“Chuck is the granddaddy of us all. Even if you’re a rock guitarist who wouldn’t name him as your main influence, your main influence is probably still influenced by Chuck Berry,” guitarist Keith Richards said. “He is rock & roll in its pure essence.”
Richards has a point: simply turn to your copy of The Rolling Stones (1964) to hear that influence blaring from the incendiary riffs. The same could be said for George Harrison, who either sang Berry songs (“Roll Over Beethoven,”) or channeled the guitar player on The Beatles’ rollicking compositions (“I Saw Her Standing There”). What swiftly emerges from these records is a great love for a consummate professional, who was wise enough to let his instrument do the talking.
This brings us to the recently-released Live From Blueberry Hill, a compilation of performances recorded between 2004 and 2006. Sure, his voice had cracked, but that was never the point of his work, and more importantly, the guitar licks bellow loudly, and with great gusto. “It’s my show. I gotta pull it outta the gutter,” Berry chuckles, but no one (not even George Harrison) would dare call their hero undeserving of the attention. Happily, the performances stand up, and while they don’t recall the glorious records of the sixties, they don’t sully the legacy either.
“Johnny B. Goode” gets a run-through, enjoying a second life as a heavy metal tentpole, thanks in part to Marty McFly’s searing performance in Back To The Future. Yet it’s “Roll Over Beethoven” that proves worthy of our attention, and Berry’s vocal slyly salutes the buoyancy of The Beatles version. There’s plenty of thunder heard in the bellowing riff to “Let It Rock”, which only grows more ecstatic with every passing chord. And then there’s the jolly whimsy of “Little Queenie,” the throwaway rocker that holds up in the canon of rock choruses. Behind Berry sits pianist Robert Lohr, who offers a series of barrelling piano patterns.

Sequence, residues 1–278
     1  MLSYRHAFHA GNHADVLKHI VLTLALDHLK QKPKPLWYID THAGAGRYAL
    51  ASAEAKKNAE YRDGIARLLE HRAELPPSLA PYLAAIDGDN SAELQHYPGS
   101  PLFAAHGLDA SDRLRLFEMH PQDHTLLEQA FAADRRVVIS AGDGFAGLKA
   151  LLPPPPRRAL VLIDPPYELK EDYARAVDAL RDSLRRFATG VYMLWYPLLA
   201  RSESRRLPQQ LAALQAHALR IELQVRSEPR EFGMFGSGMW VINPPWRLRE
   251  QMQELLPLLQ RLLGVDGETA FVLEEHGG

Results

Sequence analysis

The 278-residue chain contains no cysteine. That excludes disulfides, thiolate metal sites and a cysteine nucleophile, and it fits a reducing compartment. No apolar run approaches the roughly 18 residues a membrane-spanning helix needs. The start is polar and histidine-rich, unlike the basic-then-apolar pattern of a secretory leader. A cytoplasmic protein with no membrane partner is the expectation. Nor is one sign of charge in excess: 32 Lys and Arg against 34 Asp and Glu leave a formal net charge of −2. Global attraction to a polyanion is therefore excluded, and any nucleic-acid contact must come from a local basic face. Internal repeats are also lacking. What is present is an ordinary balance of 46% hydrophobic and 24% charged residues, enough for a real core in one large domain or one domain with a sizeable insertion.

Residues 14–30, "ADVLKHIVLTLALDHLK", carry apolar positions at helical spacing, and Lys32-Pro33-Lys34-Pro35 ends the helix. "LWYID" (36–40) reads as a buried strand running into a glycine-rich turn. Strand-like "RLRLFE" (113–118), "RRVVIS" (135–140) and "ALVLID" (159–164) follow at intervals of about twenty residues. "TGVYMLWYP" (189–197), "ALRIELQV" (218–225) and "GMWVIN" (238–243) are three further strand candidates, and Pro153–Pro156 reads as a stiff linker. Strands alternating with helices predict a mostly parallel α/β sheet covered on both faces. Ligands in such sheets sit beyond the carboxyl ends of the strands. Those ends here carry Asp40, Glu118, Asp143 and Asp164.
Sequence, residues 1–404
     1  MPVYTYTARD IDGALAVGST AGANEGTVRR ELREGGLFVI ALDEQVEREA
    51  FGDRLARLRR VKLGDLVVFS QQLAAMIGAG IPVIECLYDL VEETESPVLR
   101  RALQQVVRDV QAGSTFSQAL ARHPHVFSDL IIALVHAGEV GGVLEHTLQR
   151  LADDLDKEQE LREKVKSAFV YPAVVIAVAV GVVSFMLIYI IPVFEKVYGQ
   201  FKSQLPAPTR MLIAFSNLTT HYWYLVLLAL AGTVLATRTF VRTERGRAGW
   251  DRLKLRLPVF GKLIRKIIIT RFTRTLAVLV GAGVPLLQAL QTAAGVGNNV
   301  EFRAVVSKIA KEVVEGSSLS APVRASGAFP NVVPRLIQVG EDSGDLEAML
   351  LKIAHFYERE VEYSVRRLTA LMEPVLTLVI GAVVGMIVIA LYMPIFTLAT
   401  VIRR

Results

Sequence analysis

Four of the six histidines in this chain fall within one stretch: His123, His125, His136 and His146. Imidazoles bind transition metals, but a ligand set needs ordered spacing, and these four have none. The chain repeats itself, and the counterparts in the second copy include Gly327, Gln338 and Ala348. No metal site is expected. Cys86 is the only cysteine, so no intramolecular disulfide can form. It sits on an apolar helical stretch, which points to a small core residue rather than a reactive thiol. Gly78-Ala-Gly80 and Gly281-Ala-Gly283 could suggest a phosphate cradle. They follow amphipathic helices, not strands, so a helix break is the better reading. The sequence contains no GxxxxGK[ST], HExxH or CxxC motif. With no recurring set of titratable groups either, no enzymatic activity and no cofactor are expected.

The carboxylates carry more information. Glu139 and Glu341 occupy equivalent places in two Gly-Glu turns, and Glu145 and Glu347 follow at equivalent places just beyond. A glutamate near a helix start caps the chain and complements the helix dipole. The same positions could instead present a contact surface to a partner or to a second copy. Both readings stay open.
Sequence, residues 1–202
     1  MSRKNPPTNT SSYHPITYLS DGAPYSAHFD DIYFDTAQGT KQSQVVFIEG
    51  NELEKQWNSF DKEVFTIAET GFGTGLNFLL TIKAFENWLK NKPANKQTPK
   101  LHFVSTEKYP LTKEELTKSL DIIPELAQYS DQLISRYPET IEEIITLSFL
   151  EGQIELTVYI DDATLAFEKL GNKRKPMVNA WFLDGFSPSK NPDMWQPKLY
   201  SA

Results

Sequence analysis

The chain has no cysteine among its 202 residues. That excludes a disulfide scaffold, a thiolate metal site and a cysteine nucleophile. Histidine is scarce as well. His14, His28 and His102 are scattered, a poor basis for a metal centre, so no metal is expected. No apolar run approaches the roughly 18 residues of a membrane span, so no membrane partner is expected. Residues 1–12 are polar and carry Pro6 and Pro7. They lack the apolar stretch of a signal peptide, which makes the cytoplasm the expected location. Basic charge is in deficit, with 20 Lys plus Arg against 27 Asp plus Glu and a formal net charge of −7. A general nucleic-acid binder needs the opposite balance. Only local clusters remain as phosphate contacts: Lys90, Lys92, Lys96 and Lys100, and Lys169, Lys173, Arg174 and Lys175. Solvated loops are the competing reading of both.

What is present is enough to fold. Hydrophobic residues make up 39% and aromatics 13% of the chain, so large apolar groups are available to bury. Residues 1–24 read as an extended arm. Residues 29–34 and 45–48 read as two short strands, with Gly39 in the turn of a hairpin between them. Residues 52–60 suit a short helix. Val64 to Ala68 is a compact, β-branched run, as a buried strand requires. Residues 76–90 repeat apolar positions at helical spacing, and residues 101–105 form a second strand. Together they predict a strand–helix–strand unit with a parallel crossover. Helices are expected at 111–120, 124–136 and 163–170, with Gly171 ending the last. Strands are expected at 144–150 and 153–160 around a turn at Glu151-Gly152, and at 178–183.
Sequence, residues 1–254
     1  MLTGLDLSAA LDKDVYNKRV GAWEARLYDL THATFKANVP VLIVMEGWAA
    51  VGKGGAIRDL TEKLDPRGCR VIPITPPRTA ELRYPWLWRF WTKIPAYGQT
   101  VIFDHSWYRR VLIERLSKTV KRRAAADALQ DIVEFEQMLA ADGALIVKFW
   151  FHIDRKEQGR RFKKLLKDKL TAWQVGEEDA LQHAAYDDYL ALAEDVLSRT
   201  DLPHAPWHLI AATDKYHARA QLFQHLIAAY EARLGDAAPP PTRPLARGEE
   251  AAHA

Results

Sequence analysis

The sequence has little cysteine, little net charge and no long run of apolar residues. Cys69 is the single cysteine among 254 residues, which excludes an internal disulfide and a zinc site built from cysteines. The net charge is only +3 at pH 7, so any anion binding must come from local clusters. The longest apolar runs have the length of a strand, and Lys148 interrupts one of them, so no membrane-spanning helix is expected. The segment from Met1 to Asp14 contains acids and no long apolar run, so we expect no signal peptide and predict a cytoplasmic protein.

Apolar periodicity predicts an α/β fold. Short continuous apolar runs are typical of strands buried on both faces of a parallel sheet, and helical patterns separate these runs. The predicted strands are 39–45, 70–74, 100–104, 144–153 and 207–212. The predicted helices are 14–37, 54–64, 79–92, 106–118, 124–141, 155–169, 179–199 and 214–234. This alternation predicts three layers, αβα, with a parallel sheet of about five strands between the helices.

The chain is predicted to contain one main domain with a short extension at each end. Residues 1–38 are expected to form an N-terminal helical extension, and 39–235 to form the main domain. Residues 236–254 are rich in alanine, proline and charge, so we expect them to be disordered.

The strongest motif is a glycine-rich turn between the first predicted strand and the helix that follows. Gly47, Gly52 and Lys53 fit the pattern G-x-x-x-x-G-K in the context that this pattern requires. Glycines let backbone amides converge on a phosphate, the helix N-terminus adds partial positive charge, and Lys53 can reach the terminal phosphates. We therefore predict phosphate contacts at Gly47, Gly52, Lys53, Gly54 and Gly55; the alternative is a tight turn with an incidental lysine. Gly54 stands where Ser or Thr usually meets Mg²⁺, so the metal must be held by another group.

It’s clear from the concert that St.Louis held great memories for the musician, yet he musters equal comfort from the cheers from the audiences, who hoot to the iconic solos and poses. In almost punk-like fashion, he keeps the performances short, sticking to mainstream, radio-like run lengths. The live album revels in this feeling of urgency, making it one of the few live albums that doesn’t feel taxing but offers listeners the chance to dive back into the pool of riffs and rock collages.
At this point, Berry was seventy-odd years old, and he would have been forgiven for taking it easy. But like Paul McCartney, he shows there’s no need to slow down with age. Better still, he sounds like he’s having fun, which he’d long earned at this point of his trajectory, and while some of his fans might favor a more somber set, the guitar player more than deserved the right to rock out as he wished. It’s to his great credit that Berry kept performing until the day he couldn’t, every lick positioned, every vocal delivered with truth.
Berry died at the age of ninety, having outlived disciples Harrison, John Lennon, and Brian Jones. In many ways, his death closed an era in rock. He was one of the last of its founding members, and if there is a Mount Rushmore for rock players, his face should certainly be up there, alongside Elvis Presley, Buddy Holly, and Fats Domino. A high bar, sure, but it’s one Keith Richards would definitely argue for.
Photo: Chuck Berry (PD)